SNP has 'undoubtedly' moved to the right under John Swinney, says Anas Sarwar

Anas Sarwar has questioned the sustainability of one million Scots paying more income tax than the rest of the UK
Anas Sarwar was speaking in Glasgow -Credit:Ken Jack/Getty Images

The SNP has "undoubtedly" moved to the right under John Swinney's leadership, Anas Sarwar has said.

The Scottish Labour leader agreed with the Greens that the Nationalists seem to have shifted away from left-of-centre politics.

Green co-leader Patrick Harvie blasted Deputy First Minister Kate Forbes last week and warned Scotland risks returning to "the repressive values of the 1950s".

Forbes said in last year's SNP leadership contest that she would have voted against gay marriage and that couples should not have children outside of wedlock.

Sarwar was speaking in Glasgow as he unveiled a set of plans to reform Holyrood 25 years after the Scottish Parliament was set up.

He said the SNP seems to have moved to the right compared to under Nicola Sturgeon's leadership.

He said: "I think undoubtedly there is a language shift, and perhaps a positioning shift from the SNP, that has shifted more to the right that what was there previously.

"I've got lots of criticisms of Nicola Sturgeon and lots of criticisms of her record, but no one can argue that she was a social policy-led first minister.

"I don't think we're going to get that with this current leadership.

"And neither do I think they have the credible economic plan that's going to give us the growth that we need to deliver.

"And so there's undoubtedly been a shift."

He added: "The SNP can't pretend to be all things for all people anymore. It's done it for a very, very long time. I think they're now being found out."

Sarwar also said Labour is not talking to any Tory MSPs about defecting.

It comes after right-wing Tory MP Natalie Elphicke defected to Labour at Prime Minister's Questions last week.

The Dover MP's move was criticised by many inside the party because of her anti-immigration views and comments about her husbands sexual assault conviction.

When asked afterwards if he had spoken to any Tory MSPs about possible defections and if he would accept any Conservative members into the Labour group, Sarwar said: "I can clamp down [on that].

"There are no discussions with Tory MSPs, although I can imagine a lot of Tory MSPs will view this current Conservative Party as being completely alien to the Ruth Davidson Scottish Conservatives that was in place a while ago.

"So if any of them are thinking of jumping ship, they should come out and just say first of all that the dysfunctional Tory Government should go and people should vote Labour across the country."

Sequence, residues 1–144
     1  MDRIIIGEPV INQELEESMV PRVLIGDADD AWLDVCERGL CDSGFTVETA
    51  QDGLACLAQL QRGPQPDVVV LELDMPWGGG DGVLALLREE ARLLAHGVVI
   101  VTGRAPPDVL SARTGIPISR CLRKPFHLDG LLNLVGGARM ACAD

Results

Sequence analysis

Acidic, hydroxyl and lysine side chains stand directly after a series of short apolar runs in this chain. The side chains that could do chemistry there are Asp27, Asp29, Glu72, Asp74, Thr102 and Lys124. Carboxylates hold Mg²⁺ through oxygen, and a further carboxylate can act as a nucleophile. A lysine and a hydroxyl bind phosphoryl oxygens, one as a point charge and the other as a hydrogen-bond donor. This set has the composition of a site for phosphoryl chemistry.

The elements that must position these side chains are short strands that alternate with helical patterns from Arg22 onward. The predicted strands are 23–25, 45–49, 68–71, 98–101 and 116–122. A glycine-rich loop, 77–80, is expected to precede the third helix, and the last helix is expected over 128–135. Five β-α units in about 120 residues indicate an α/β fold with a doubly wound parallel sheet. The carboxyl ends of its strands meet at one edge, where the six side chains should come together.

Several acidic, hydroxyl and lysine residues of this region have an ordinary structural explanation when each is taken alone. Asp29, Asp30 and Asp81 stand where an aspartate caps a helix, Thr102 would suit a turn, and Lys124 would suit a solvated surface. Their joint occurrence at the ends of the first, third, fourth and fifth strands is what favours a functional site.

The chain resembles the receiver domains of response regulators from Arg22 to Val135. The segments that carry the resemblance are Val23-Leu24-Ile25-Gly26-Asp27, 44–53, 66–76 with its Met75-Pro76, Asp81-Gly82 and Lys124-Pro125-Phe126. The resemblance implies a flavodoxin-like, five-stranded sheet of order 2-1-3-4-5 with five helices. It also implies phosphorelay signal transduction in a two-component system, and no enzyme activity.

He added: "I don't know Natalie Elphicke, I've never met Natalie Elphicke. Lots of her comments I find completely unacceptable.

"What I do agree with her on is that Rishi Sunak's time is up, that we have a chaotic and divided Conservative Party in office and that we need a Labour Government."

In his speech, he pledged to reform Holyrood.

He said: "We will clean up the Scottish Parliament, with MSPs granted the same privileges and protections as MPs and stronger powers for the parliament to hold ministers to account.

"That includes the election of committee conveners, the right to recall MSPs, a ban on second jobs, and stronger FOI laws to ensure greater transparency and to rebuild trust in politics.

"And we will push power out of Holyrood and into the regions of Scotland."

The SNP’s Home Affairs spokesperson Alison Thewliss said:

“It ought to be a wake up call for Labour when even Suella Braverman, the darling of the far-right Tories, is calling for an end to the cruel and pernicious two child limit.

"Sir Keir Starmer's Labour Party cannot be taken seriously on child poverty while they want to maintain damaging Tory welfare cuts.

“The two child cap and associated rape clause is an appalling policy that punishes families who are already struggling to get by as a result of the Tories’ cost of living crisis.

“In stark contrast to the policies of Tory Westminster, backed by the Labour party, SNP Government policies, including the Scottish Child Payment, are set to keep an estimated 100,000 children out of poverty this year.

“The SNP will continue to campaign for policies that will support families rather than punish them. For representation of Scotland’s values and a strong voice in support of ordinary people vote SNP at the next election."

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